Every second retired elite female football player has MRI evidence of knee osteoarthritis before age 50 years: a cross-sectional study of clinical and MRI outcomes

  • Annika PrienEmail author
  • Sana Boudabous
  • Astrid Junge
  • Evert Verhagen
  • Bénédicte M. A. Delattre
  • Philippe M. Tscholl



To assess knee health in retired female football players, using magnetic resonance imaging (MRI) and self-report. The focus of analysis were degenerative changes of the tibiofemoral joint, and their relationship to osteoarthritis symptoms and previous knee injury.


Forty-nine retired elite, female football players (98 knees) aged 37 years on average participated. Tibiofemoral cartilage and meniscus status of both knees were evaluated using MRI and graded according to modified Outerbridge and Stoller classifications, respectively. Symptoms were assessed through a standardised questionnaire (Knee Osteoarthritis Outcome Score: KOOS). Knee injury history was recorded via a semi-structured interview. To investigate how injury variables relate to outcomes, binary logistic regression models were used and reported with odds ratios (OR).


Fifty-one per cent of players (n = 25) fulfilled the MRI criterion for knee osteoarthritis, 69.4% (n = 34) had substantial meniscal loss and 59.6% (n = 28) reported substantial clinical symptoms. Chondral- and meniscal loss were associated with significantly lower scores on three of five KOOS subscales (p < .05). Both chondral and meniscal loss were significantly predicted by previous traumatic knee injury (OR = 4.6, OR = 2.6), the injury affecting the non-striking leg (OR = 8.6, OR = 10.6) and type of injury; participants with combined ACL/meniscus injuries had the highest risk for substantial chondral and meniscal loss (OR = 14.8, OR = 9.5). Chondral loss was significantly predicted by isolated meniscus injury treated with partial meniscectomy (OR = 5.4), but not by isolated reconstructed ACL injury. Clinical symptoms were only significantly predicted by previous traumatic knee injury (OR = 5.1).


Serious degenerative changes were found in a high number of retired female football players’ knees 10 years after their career. Meniscal integrity is key for knee osteoarthritis outcomes in young adults, and thus, its preservation should be a priority.


Football (soccer) Osteoarthritis Knee injury Long-term outcomes Meniscus Female athlete 



The authors highly appreciate the cooperation of all participating players who volunteered their time to provide the data for this project. They especially thank Birgit Prinz without whom this study would not have been possible. The authors gratefully acknowledge the Fédération Internationale de Football Association (FIFA) for funding this project.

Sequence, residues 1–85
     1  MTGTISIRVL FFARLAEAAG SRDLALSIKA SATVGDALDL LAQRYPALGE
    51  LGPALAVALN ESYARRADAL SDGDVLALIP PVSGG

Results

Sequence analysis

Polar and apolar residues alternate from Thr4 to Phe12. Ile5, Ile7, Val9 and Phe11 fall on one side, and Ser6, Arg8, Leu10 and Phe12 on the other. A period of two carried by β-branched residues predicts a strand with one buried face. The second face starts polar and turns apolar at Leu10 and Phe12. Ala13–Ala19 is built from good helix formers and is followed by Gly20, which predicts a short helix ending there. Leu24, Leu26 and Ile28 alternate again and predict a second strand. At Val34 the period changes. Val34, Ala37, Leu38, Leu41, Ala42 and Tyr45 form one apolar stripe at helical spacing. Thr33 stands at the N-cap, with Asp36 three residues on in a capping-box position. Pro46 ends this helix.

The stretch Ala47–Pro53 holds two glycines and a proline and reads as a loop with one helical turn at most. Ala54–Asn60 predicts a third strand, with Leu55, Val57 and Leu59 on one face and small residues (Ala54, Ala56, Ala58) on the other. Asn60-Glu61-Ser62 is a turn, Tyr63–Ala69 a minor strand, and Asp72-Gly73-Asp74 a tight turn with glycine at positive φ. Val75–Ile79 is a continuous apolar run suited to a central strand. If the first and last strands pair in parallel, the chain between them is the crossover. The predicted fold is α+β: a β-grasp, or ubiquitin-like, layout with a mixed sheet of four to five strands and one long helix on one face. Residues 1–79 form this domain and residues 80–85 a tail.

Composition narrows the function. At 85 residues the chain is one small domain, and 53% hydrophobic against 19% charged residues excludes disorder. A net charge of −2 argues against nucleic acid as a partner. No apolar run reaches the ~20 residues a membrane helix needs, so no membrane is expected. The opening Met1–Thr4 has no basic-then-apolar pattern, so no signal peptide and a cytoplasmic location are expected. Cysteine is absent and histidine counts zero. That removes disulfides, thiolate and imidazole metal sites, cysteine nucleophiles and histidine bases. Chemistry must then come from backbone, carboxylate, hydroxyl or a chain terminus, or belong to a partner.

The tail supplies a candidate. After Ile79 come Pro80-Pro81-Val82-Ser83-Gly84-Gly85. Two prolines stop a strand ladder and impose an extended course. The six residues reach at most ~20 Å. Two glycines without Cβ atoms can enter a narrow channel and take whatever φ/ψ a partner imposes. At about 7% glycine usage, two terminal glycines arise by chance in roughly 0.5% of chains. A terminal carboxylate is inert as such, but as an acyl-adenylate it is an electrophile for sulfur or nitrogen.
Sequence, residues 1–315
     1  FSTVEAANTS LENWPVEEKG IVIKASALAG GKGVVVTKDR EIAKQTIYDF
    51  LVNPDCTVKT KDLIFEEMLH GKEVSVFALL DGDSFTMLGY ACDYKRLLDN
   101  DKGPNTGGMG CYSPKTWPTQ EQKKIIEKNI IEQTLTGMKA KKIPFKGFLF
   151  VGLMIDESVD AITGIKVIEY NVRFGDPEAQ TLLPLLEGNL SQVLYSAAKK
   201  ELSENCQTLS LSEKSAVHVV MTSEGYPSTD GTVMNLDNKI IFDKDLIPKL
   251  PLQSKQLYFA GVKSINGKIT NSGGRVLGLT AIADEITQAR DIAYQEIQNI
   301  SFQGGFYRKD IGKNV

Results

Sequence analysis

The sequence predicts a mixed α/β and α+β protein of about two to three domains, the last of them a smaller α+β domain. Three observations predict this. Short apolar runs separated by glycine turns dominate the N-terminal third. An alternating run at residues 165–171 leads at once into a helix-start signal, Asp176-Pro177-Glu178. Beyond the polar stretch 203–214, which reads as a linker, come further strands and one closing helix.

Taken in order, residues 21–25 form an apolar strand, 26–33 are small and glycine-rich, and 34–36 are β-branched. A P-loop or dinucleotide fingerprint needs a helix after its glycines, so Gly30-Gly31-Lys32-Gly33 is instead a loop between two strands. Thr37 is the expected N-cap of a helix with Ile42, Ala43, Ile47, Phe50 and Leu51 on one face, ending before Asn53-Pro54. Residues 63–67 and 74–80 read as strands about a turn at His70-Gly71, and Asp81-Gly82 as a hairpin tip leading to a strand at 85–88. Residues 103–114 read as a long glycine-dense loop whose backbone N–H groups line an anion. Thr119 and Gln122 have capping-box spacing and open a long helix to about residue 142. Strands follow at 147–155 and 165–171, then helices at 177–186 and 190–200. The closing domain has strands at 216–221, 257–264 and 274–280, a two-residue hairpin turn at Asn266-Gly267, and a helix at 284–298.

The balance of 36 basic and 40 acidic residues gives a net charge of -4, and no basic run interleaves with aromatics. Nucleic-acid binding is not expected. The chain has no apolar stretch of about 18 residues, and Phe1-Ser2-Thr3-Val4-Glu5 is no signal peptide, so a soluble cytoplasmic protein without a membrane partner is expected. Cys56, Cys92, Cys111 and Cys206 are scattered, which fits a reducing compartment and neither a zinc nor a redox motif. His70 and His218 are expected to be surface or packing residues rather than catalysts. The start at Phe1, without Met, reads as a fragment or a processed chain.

Compliance with ethical standards

Conflict of interest

Annika Prien, Sana Boudabou, Astrid Junge, Evert Verhagen, Bénédicte M. A. Delattre and Philippe M. Tscholl declare that they have no conflict of interest.


The study was funded by the Fédération Internationale de Football Association (FIFA).

Ethical approval

The study has ethic approval 2016-449-f-S of the ethics commission Münster, Germany.


  1. 1.
    Ackerman IN, Kemp JL, Crossley KM, Culvenor AG, Hinman RS (2017) Hip and knee osteoarthritis affects younger people, too. J Orthop Sports Phys Ther 47:67–79CrossRefGoogle Scholar
  2. 2.
    Ahn JH, Kim JG, Wang JH, Jung CH, Lim HC (2012) Long-term results of anterior cruciate ligament reconstruction using bone-patellar tendon-bone: an analysis of the factors affecting the development of osteoarthritis. Arthroscopy 28:1114–1123CrossRefGoogle Scholar
  3. 3.
    Arliani GG, Astur DC, Yamada RKF, Yamada AF, Miyashita GK, Mandelbaum B et al (2014) Early osteoarthritis and reduced quality of life after retirement in former professional soccer players. Clinics 69:589–594CrossRefGoogle Scholar
  4. 4.
    Beaufils P, Becker R, Kopf S, Matthieu O, Pujol N (2017) The knee meniscus: management of traumatic tears and degenerative lesions. EFORT Open Rev 2:195–203CrossRefGoogle Scholar
  5. 5.
    Brandt KD, Radin EL, Dieppe PA, van de Putte L (2006) Yet more evidence that osteoarthritis is not a cartilage disease. Ann Rheum Dis 65:1261–1264CrossRefGoogle Scholar
  6. 6.
    Chatain F, Adeleine P, Chambat P, Neyret P (2003) A comparative study of medial versus lateral arthroscopic partial meniscectomy on stable knees: 10-year minimum follow-up. Arthroscopy 19:842–849CrossRefGoogle Scholar